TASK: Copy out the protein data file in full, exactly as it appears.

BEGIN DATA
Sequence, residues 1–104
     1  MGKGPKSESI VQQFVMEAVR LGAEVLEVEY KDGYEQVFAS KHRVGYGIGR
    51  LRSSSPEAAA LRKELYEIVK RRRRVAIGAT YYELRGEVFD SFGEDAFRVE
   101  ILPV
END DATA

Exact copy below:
Sequence, residues 1–104
     1  MGKGPKSESI VQQFVMEAVR LGAEVLEVEY KDGYEQVFAS KHRVGYGIGR
    51  LRSSSPEAAA LRKELYEIVK RRRRVAIGAT YYELRGEVFD SFGEDAFRVE
   101  ILPV